Ukraine Bonds to Currency Slide as Russia Points to Default Risk

Photographer: Vincent Mundy/Bloomberg

The hryvnia, which is managed by the central bank, weakened 6.4 percent to 9.8 per dollar, extending its drop this year to 16 percent. Close

The hryvnia, which is managed by the central bank, weakened 6.4 percent to 9.8 per... Read More

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Photographer: Vincent Mundy/Bloomberg

The hryvnia, which is managed by the central bank, weakened 6.4 percent to 9.8 per dollar, extending its drop this year to 16 percent.

Ukraine’s bonds ended a three-day rally and the currency plunged to a record as Russia warned the former Soviet republic may default, while the nation’s interim leaders delayed a vote on a unity government.

The hryvnia, which is managed by the central bank, lost 6.4 percent to 9.8000 per dollar, extending its slump this year to 16 percent, according to data compiled by Bloomberg at 6:07 p.m. in Kiev. The yield on government bonds maturing in April 2023 climbed 30 basis points to 9.56 percent, after the rate fell 211 basis points in the last three days.

Ukrainian assets are coming under renewed pressure following remarks by Russia’s deputy Finance Minister Sergei Storchak that the nation’s neighbor faces a “high” probability of defaulting. Russia has suspended a $15 billion aid package and Ukraine’s acting President Oleksandr Turchynov said the country needs as much as $35 billion of foreign aid to be able to meet its obligations.

The rally in Ukrainian assets “was far too premature,” Regis Chatellier, a London-based strategist at Societe Generale SA, wrote in e-mailed comments. “There are too many political uncertainties to justify such a move, and the risk of default is still there.”

Ukraine’s attempts to secure aid pledges from Western sources faced a delay after Turchynov pushed back a parliamentary vote to select a national unity government to Feb. 27 from today. He indicated the administration would need to be formed quickly to receive aid from international donors.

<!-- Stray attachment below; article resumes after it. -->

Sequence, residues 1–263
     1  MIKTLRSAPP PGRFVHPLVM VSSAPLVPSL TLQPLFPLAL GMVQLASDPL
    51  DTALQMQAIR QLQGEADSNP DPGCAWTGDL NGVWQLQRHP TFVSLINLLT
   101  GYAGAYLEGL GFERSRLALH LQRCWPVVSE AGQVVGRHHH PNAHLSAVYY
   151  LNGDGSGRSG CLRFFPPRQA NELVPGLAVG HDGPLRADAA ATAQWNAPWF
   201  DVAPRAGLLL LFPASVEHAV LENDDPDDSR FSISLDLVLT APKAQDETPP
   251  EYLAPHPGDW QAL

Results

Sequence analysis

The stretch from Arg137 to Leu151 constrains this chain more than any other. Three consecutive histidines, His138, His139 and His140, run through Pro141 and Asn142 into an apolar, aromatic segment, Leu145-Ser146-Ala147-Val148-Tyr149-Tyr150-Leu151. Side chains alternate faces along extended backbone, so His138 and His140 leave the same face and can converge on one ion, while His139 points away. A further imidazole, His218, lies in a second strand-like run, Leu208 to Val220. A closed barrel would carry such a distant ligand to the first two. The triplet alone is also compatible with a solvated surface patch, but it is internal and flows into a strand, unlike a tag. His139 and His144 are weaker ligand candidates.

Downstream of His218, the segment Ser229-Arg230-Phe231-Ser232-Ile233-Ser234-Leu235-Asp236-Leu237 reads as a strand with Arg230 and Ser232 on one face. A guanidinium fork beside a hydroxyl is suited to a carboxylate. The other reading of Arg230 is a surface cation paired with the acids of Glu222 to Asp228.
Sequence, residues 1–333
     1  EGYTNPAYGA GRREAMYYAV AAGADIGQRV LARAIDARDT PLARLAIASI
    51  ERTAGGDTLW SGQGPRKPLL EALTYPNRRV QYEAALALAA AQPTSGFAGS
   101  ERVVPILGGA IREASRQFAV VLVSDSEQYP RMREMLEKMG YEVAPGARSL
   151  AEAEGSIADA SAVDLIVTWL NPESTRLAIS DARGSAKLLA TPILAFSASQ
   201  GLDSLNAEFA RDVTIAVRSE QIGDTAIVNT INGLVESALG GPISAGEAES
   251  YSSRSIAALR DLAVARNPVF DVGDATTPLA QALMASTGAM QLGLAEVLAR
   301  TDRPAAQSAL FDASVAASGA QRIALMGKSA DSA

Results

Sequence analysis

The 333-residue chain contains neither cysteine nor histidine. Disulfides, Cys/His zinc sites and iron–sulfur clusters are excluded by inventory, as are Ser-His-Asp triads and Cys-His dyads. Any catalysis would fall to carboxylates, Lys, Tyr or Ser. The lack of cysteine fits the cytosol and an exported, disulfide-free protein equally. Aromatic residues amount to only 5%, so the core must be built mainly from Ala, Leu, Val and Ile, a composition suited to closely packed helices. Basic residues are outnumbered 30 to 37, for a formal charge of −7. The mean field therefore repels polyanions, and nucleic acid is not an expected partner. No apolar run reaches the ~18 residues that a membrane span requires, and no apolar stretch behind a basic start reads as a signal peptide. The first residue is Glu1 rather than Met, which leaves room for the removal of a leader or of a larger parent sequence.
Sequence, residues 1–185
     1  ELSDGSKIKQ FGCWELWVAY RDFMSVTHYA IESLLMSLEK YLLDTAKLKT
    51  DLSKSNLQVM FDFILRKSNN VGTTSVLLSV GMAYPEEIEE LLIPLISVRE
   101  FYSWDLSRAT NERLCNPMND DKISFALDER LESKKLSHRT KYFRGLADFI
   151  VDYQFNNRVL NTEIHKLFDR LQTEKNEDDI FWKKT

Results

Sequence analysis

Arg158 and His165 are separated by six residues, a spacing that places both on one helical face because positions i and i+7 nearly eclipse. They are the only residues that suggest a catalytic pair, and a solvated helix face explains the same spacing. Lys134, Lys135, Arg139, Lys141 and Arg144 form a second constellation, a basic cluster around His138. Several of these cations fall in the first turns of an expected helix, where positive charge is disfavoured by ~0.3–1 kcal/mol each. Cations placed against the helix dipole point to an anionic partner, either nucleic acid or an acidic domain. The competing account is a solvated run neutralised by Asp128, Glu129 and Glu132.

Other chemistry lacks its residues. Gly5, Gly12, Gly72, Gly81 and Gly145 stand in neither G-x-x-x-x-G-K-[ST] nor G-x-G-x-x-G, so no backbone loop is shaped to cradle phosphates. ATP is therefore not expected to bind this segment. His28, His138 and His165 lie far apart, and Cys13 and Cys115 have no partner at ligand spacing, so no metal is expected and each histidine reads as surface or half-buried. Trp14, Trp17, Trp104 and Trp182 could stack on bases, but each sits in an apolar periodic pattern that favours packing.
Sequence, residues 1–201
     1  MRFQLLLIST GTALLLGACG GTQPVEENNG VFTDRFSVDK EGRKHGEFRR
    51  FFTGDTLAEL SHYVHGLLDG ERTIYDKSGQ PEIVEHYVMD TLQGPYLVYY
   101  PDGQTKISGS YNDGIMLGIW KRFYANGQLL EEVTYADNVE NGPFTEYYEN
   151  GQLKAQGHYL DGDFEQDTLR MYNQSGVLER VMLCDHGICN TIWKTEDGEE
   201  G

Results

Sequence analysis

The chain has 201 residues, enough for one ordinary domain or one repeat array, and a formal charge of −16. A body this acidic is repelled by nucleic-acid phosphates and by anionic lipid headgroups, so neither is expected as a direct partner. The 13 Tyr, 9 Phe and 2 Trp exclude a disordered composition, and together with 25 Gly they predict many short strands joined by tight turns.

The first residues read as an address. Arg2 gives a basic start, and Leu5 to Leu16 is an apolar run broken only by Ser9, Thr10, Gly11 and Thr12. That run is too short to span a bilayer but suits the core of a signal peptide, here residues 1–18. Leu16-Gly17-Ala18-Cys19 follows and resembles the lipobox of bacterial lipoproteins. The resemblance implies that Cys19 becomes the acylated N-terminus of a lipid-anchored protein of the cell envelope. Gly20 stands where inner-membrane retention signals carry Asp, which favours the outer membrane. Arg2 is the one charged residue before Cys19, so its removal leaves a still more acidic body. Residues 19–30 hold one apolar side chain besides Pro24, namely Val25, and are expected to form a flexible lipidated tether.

Maturing Debt

The nation is facing about $15 billion of liabilities, excluding interest, through the end of 2015, with $1 billion of bonds due in June, data compiled by Bloomberg show.

Those notes traded 2.2 percent lower at 94.526 cents to the dollar today, after gaining for three days. The currency is poised to weaken to 10.2750 per dollar in three months, according to trading in non-deliverable forward contracts, data compiled by Bloomberg show. The rate rose 3.3 percent today.

Ukrainian shares bucked the downtrend, climbing 1.5 percent and taking the four-day rally to 25 percent as investor sentiment improved following the removal of President Viktor Yanukovych from power last week.

With Yanukovych on the run after weeks of anti-government protests turned deadly, the new leaders are grasping for a financial lifeline as Russia weighs the fate of its bailout, which was granted in December. The U.S. and the European Union have pledged aid to the administration. Russia says it won’t meddle in Ukraine’s affairs and urged the West to do the same.

‘Too Bullish’

“The markets are much too bullish now regarding Ukrainian risk assets,” Michael Ganske, the head of emerging markets at Rogge Global Partners Plc in London, said by e-mail today. “I see the hryvnia going down further” to 12 versus the dollar.

The central bank has eased its grip on the hryvnia as it contends with slumping foreign-exchange reserves, which tumbled 28 percent in the year through January to $17.8 billion, the lowest level since 2006. The currency lost 1.1 percent to 9.0377 per dollar, according to the bank’s reference rate, taking the retreat this month to 12 percent.

Foreign Aid

The EU will probably formulate a “short-term” package by the start of next week that will help avert default, Elmar Brok, chairman of the European Parliament’s foreign affairs committee, told reporters in Strasbourg, France, today.

Russia opposes the inclusion of its first $3 billion tranche in a possible restructuring, Storchak told reporters in Moscow today. There’s a “slight” risk Ukraine won’t repay the first installment of the bailout and Russia is under no legal obligation to provide the remaining amount, he said.

“Ukraine is now facing the full draft of Russian displeasure following the ousting of the Yanukovych regime,” Timothy Ash, London-based chief emerging-market economist at Standard Bank Group Ltd., said by e-mail today.

To contact the reporter on this story: Andras Gergely in Budapest at agergely@bloomberg.net

To contact the editor responsible for this story: Wojciech Moskwa at wmoskwa@bloomberg.net

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